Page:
A USC-led team of international scientists has found that the speed of carbon transfer in the ocean is influenced by the size and type of bacteria that latch onto the particles. The discovery has enabled researchers to develop a computer model for estimating carbon transfer, a part of the Earth’s natural carbon cycle to stabilize its climate, in oceans across the globe.
That discovery, published Tuesday in the journal Nature Communications, sheds greater light on how carbon — including pollution from cars — moves from the atmosphere into the ocean and ultimately makes its way into the deep ocean, said Naomi Levine, an assistant professor of biological sciences, quantitative and computational biology and Earth sciences at USC Dornsife College of Letters, Arts and Sciences.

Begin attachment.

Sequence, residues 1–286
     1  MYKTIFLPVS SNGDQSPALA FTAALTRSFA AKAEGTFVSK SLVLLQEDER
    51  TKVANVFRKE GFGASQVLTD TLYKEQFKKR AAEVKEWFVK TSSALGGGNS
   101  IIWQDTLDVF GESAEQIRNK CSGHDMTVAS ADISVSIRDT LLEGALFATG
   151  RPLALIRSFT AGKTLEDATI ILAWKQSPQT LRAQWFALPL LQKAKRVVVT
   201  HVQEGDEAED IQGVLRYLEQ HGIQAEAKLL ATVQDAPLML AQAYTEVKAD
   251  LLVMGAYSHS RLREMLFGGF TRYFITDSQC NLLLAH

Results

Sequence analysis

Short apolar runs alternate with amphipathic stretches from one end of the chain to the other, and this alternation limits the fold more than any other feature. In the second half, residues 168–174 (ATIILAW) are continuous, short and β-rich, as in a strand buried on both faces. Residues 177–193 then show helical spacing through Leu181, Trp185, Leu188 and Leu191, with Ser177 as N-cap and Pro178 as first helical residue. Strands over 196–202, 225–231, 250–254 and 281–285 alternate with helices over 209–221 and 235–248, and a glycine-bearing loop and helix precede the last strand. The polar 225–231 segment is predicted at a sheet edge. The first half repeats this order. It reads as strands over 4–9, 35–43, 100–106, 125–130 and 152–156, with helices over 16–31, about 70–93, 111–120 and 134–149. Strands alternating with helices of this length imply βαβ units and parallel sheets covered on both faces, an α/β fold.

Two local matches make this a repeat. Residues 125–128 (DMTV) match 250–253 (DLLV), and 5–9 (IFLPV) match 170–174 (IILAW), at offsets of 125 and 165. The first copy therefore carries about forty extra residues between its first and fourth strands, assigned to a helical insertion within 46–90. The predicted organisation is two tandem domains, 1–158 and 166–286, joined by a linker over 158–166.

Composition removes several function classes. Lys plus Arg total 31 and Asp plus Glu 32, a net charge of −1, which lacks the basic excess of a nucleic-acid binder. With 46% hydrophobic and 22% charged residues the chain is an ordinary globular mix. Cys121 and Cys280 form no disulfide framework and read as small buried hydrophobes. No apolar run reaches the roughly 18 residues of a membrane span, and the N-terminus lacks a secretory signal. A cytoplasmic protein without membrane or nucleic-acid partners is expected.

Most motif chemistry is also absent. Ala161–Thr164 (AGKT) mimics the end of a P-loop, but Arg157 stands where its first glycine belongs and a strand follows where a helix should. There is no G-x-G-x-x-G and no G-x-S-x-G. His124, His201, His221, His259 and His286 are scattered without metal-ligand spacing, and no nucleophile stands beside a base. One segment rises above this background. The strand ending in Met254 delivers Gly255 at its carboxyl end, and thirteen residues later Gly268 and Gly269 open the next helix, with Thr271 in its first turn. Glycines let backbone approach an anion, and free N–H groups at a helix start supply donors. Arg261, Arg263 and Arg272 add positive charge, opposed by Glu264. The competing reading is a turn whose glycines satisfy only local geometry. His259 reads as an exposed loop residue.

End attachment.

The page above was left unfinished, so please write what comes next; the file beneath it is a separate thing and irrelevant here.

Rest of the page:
Knowing the carbon transfer rate could help scientists better understand just how well the Earth is retaining carbon in the deepest parts of its oceans — or whether much of the carbon that normally would sink is returning to the atmosphere, Levine said. “This is the first time that we’ve been able to build a model to predict ocean-scale carbon-cycle dynamics that accounts for these micro-scale processes that have been observed in the lab,” Levine said. “We show that the processes matter a lot.”
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